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My procedural mind needs a dose of OO  RSS feed

 
Chuck Beauregard
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I realize that there are all kinds of ways to solve a problem. While I still have difficultly reading some of the Java examples, they appear to be more elegant than my code. Hence I think I'm stuck in a procedural mindset trying to do OO programming.

I've written several modules to solve the following problem, but elegant it is not. As a beginning Java forum, perhaps I could get some pointers on how to "right the ship".

The problem is this:

Users will need to enter their current membership roster with handicap data to start the program. This data is available from an independent (very independent) source called GHIN. GHIN has standard reports for each club, which are not very standard at all, and are NOT modifiable. These reports can be exported in a number of ways, Excel, Text, PDF to name a few.

The data desired from this report is "Name" , "H.I" and potentially "GHIN #". However all that is mandatory is "Name".

The issue is the report has a header of varying sizes, it could be 1 line with only "Name", "H.I." and "GHIN" or a subset of them, OR the header could be several lines long. I seen examples with 8 lines of header and footer. These headers appear on each page of the report. In addition the space between the informational column is random. To be effective my program must handle all of them seamlessly.

While this program appears to separate the data properly it doesn't build the instances of GCMembers or a List of the members.

If this is an inappropriate use of the forum, I apologize.







 
Bear Bibeault
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Heh. I didn't make it past line 12. The very fact that you have a class named ReadTextFile is a problem. Classes model things, not behaviors.

Etch-a-sketch everything and grab a pencil and paper and write down what you are trying to accomplish. Underline the nouns. These are the candidates for modeling via classes, not the verbs.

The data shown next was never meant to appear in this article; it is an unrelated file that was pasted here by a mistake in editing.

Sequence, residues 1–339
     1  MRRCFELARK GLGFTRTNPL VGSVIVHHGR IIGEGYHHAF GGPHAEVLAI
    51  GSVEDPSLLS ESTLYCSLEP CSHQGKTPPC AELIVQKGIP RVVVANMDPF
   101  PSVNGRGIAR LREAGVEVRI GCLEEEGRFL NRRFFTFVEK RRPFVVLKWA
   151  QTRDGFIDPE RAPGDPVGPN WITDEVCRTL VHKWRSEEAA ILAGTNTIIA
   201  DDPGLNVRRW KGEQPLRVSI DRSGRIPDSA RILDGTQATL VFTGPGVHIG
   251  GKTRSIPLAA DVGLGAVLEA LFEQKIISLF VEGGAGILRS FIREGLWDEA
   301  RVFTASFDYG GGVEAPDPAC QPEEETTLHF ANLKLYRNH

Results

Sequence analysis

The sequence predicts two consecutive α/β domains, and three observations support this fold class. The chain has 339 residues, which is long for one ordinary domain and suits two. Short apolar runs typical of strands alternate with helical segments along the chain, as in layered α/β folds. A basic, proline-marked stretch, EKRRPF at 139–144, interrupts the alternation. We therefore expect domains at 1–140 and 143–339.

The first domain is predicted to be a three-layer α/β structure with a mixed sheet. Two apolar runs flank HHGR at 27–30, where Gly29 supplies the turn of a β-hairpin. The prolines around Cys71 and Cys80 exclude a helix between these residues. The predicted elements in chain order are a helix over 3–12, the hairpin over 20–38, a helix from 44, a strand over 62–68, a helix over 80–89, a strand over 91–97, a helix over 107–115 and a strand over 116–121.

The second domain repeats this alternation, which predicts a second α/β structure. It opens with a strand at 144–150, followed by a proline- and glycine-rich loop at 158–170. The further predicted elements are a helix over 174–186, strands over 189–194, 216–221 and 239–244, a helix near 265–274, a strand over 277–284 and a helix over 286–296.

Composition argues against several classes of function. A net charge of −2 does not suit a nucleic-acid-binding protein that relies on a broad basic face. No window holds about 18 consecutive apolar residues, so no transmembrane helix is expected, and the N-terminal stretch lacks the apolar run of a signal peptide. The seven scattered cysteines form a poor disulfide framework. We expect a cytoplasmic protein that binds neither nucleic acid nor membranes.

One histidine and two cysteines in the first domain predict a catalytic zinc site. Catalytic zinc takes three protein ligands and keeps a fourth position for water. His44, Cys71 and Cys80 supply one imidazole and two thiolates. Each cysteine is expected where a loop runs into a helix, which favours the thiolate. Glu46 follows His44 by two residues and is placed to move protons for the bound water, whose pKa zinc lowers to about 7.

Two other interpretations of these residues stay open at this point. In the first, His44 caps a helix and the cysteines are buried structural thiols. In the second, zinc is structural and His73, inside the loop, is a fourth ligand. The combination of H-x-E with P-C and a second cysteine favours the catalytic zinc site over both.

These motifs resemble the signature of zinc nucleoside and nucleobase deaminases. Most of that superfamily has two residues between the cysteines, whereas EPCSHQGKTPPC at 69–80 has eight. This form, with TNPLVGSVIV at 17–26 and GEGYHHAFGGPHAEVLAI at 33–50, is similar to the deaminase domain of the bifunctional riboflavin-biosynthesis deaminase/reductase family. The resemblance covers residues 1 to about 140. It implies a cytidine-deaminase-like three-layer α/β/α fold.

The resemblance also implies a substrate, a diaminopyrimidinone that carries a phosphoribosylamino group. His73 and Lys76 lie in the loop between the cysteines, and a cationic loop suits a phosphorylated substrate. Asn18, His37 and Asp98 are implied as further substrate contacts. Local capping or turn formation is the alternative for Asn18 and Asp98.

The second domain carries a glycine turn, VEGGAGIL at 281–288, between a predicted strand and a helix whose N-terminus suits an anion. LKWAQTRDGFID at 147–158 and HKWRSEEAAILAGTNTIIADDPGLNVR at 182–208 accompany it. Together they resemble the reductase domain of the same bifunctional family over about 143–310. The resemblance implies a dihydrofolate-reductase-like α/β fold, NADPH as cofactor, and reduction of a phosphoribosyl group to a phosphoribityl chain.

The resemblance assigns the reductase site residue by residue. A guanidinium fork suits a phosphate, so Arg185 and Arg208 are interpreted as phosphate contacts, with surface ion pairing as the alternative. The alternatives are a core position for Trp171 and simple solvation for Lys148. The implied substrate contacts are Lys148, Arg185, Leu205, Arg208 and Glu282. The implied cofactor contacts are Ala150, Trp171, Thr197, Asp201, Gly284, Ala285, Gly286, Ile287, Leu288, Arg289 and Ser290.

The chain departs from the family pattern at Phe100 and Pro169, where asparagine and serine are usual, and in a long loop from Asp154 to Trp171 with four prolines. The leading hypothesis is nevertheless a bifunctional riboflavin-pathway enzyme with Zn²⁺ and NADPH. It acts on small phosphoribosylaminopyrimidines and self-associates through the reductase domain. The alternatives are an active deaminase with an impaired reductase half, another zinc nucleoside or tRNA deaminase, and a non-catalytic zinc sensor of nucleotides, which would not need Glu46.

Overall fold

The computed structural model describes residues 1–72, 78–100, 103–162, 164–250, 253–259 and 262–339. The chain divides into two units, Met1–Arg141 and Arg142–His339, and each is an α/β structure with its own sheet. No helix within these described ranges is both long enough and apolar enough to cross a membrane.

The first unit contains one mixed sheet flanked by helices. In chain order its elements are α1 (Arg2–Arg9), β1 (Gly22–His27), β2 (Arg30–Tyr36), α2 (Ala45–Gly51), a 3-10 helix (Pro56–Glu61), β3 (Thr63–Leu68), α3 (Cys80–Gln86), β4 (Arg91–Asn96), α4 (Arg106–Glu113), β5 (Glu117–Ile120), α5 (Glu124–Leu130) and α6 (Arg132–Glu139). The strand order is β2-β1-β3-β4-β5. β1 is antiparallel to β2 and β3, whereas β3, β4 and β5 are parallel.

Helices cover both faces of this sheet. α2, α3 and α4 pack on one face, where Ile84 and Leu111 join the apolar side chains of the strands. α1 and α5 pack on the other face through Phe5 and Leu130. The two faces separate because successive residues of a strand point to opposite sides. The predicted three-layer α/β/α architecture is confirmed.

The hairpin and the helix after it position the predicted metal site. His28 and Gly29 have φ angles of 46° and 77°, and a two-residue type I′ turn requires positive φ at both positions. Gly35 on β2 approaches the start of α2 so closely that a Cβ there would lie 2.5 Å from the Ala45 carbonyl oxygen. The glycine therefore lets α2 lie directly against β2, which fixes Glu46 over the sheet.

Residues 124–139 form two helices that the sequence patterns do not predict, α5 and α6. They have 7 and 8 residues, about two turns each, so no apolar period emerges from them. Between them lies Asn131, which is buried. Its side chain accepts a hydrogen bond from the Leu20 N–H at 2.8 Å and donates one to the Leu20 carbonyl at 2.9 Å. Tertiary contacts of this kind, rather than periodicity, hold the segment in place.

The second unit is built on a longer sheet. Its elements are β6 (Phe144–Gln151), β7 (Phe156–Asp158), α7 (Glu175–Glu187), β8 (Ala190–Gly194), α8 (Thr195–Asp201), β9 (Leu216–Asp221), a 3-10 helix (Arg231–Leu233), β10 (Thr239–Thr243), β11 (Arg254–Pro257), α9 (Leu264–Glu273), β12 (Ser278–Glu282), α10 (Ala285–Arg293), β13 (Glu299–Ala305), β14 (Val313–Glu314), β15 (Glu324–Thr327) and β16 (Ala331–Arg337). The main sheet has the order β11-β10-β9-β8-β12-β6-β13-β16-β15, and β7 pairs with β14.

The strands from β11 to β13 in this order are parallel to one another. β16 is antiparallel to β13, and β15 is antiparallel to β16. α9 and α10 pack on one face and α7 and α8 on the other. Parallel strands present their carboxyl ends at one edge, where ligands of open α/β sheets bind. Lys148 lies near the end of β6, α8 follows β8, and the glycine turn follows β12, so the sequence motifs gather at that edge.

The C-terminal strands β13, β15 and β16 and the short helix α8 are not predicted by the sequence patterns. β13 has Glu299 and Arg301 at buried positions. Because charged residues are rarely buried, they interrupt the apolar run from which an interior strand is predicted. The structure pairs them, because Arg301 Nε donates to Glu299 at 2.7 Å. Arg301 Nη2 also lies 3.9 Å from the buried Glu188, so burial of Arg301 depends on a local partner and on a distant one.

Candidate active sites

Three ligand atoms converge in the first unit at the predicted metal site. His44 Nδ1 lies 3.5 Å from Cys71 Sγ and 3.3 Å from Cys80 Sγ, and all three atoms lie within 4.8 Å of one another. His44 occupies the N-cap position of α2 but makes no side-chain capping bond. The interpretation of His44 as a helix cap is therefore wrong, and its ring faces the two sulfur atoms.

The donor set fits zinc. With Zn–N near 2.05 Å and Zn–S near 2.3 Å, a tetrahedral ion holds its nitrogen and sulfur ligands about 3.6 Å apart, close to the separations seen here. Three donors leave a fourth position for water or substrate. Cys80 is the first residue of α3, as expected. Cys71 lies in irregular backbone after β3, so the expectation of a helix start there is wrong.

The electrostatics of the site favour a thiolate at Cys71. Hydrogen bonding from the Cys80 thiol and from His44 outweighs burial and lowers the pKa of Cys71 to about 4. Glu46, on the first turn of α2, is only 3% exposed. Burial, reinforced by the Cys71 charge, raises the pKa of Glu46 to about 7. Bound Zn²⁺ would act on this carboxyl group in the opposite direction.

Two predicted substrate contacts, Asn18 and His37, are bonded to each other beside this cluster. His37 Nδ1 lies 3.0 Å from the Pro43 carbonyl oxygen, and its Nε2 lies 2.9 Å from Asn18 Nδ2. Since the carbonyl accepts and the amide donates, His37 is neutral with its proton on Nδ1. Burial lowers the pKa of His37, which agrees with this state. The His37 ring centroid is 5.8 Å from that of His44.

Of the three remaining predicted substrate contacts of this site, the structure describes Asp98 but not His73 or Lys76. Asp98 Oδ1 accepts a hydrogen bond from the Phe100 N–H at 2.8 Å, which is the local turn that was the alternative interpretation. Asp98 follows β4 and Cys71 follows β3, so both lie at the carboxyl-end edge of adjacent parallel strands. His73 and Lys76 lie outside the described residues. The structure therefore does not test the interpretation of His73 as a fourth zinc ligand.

Does that change your approach?
 
Chuck Beauregard
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Bear Bibeault wrote:Heh. I didn't make it past line 12. The very fact that you have a class named ReadTextFile is a problem. Classes model things, not behaviors.

Etch-a-sketch everything and grab a pencil and paper and write down what you are trying to accomplish. Underline the nouns. These are the candidates for modeling via classes, not the verbs.

Does that change your approach?


Answer maybe.......

So if I said: Take a file of the membership, read it eliminating all headers and footers, and build a membership roster.
. The file might be an Excel file or a tab delimited text file. Data will be spread out over the first 10 columns and will have to be found using the header. Only the "name" is absolutely necessary for the membership file, but the addition of "H.I.", "Ghin #" and "Email address" would make the membership file more complete.

Why maybe, well if "methods" are supposed to be the verbs, than "read", "build", "might be" = "convert", and "found" would fit the bill.

The Classes would be "File", "roster" and "header". These are in essence what I had, a Textfile Class with a method to get the path, a "main" method to read the file assisted by a method (called GetHeader Class) to isolate the header. I'm feeling like my bites are too big and need to be more mouse than alligator size, as these changes seem like semantics more than anything.

Now that said, no matter what size the bite is, areas like this just don't seem to me to be good code.



I want to figure out how to effectively use Lists to compare the contents verses a loop, yet still know which header item is in which column.




 
Bear Bibeault
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mTrim? setIn? setIg? setIh?